Recessions, like most things, have beginnings and ends. In the U.S., the beginnings and ends of recessions are determined by the National Bureau of Economic Research (NBER) Business Cycle Dating Committee. They announce the months and quarters* when overall economic activity has reached a peak and starts to contract and when overall economic activity has reached a trough and starts to expand again.
The NBER determined the beginning and end of the COVID-19-induced recession as February 2020 and April 2020, respectively. The Federal Reserve Bank of St. Louis has created daily data series to help consumers of economic data better understand the story here and the possible choices for dating recessions.
The FRED graph above shows three daily series that date the start and the end of the COVID-19-induced recession. In the graph, the data points have a value of 1 when the economy is in recession and a value of 0 when the economy is in expansion. The three series report the same total number of days (60) during which overall economic activity was contracting, but the choices determining the beginning and end dates are different:
- The blue line marks the start of a recession on the first day of the month determined to be the peak month. It marks the end of a recession on the last day of the month before the trough month. This timing is reflected in the shaded areas shown in FRED graphs to represent recessions. For the most recent recession, these dates are February 1, 2020, to March 31, 2020.
- The yellow line marks the start of a recession on the 15th day of the peak month, and it marks the end of a recession on the 15th day of the trough month. For the most recent recession, February 15, 2020, to April 15, 2020.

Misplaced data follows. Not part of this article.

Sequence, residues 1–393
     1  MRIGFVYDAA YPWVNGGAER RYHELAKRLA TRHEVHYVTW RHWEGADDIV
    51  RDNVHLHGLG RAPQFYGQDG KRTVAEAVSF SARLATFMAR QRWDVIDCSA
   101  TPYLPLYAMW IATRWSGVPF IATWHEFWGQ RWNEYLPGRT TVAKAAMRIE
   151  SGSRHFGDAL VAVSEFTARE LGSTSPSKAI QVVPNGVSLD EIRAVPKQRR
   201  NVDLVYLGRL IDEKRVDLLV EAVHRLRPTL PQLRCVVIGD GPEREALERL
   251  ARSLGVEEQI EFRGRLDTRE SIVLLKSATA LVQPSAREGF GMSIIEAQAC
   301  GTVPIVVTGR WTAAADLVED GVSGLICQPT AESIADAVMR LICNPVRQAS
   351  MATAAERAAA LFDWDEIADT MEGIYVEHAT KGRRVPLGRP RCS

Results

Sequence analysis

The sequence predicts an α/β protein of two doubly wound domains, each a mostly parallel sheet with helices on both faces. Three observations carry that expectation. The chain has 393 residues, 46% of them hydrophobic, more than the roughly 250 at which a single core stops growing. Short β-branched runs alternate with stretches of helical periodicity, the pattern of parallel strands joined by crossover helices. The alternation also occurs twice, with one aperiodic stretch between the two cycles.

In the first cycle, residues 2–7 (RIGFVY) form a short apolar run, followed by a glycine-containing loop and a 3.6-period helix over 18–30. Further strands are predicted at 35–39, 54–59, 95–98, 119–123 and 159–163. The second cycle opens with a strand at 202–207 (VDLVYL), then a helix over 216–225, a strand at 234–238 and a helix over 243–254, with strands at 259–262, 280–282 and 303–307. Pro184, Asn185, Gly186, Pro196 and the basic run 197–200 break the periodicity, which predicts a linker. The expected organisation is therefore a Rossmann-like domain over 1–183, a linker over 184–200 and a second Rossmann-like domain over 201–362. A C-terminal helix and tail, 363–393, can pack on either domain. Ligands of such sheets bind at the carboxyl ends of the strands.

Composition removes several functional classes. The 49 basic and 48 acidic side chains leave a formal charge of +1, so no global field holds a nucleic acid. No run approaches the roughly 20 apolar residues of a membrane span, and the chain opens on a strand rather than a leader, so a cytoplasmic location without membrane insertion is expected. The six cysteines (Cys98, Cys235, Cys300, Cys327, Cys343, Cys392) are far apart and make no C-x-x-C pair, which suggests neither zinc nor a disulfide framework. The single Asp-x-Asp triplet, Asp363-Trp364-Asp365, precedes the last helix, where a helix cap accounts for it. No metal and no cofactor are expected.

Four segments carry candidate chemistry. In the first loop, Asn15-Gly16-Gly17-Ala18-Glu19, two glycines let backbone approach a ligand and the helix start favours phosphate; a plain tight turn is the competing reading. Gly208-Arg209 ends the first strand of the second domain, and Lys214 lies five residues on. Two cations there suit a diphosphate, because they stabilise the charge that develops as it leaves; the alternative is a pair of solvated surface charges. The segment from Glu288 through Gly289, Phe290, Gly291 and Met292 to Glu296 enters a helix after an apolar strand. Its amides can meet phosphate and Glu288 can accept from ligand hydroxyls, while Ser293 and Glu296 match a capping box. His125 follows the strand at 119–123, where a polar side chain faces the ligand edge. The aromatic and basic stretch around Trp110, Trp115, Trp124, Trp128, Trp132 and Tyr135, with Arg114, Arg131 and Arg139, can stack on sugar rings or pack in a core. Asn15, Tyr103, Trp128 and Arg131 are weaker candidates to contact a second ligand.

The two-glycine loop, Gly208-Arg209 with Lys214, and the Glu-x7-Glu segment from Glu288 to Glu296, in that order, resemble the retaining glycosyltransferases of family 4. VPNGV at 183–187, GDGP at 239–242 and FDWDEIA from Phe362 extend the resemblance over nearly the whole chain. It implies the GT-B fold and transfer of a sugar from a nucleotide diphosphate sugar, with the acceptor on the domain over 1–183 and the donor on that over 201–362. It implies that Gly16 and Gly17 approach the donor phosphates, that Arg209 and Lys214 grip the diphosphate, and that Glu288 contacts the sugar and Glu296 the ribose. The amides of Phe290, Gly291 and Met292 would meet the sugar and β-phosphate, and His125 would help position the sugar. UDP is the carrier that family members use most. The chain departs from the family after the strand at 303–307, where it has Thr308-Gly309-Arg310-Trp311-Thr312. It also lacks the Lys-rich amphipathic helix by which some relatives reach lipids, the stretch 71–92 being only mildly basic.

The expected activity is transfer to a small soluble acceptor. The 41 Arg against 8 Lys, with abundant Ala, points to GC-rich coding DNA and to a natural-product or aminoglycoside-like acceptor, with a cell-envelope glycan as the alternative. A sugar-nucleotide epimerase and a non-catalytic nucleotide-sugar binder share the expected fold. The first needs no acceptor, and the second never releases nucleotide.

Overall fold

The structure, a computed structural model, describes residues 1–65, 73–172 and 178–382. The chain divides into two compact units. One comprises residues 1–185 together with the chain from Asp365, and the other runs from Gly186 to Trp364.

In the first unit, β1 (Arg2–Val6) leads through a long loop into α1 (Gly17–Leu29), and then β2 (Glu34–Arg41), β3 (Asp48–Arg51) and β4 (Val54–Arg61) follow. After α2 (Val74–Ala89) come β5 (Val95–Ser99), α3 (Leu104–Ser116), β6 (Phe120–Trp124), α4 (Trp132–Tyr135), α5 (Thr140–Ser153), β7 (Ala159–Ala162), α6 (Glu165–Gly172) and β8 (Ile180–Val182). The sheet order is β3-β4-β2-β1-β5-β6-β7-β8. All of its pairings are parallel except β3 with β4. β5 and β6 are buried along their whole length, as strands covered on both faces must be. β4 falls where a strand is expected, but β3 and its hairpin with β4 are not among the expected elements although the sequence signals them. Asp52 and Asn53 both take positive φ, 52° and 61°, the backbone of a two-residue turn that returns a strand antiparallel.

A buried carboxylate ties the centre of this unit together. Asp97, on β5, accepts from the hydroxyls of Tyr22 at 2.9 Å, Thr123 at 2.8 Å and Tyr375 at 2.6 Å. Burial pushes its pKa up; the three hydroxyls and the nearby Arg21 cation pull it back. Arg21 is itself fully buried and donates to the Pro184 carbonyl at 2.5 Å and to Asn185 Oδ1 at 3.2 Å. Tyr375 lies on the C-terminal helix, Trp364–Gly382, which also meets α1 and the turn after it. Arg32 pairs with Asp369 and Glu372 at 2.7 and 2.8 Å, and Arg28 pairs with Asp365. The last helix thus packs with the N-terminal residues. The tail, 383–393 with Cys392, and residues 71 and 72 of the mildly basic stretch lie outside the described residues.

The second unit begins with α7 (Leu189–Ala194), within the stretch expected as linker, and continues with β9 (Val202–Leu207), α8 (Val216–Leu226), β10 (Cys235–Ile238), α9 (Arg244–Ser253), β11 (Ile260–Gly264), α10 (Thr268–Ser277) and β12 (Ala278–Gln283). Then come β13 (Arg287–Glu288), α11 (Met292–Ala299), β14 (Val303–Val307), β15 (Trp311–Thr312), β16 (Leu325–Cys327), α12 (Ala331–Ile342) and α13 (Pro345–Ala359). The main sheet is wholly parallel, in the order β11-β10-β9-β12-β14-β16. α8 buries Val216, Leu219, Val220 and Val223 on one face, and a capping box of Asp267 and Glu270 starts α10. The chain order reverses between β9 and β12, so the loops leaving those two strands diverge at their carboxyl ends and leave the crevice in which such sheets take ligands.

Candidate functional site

- The red line marks the start of a recession on the last day of the peak month, and it marks the end of a recession on the last day of the trough month. For the most recent recession, February 29, 2020, to April 30, 2020.
Each series can help consumers of FRED data tell the story behind different sets of daily or weekly numbers. For example, this FRED graph shows that, in 2020, weekly initial claims for unemployment benefits grew ten times between the second and the third week of March. Interpreting the timing of that increase in relation to the start and end dates of the COVID-19-induced recession naturally depends on when those recession dates are set. So, FRED presents three choices to tell that story.
*For a discussion of how the 2022 recession lasted two months but spanned two quarters, see the FRED Blog post “Discrepancies in dating recessions.”
How this graph was created: Search for and select “NBER based Recession Indicators for the United States from the Peak through the Period preceding the Trough.” From the “Edit Graph” panel, use the “Add Line” tab to search for and select “NBER based Recession Indicators for the United States from the Peak through the Trough.” Repeat the last step to add “NBER based Recession Indicators for the United States from the Period following the Peak through the Trough” to the graph. To change the style and color of the lines in the graph use the “Format” panel.
Suggested by Diego Mendez-Carbajo.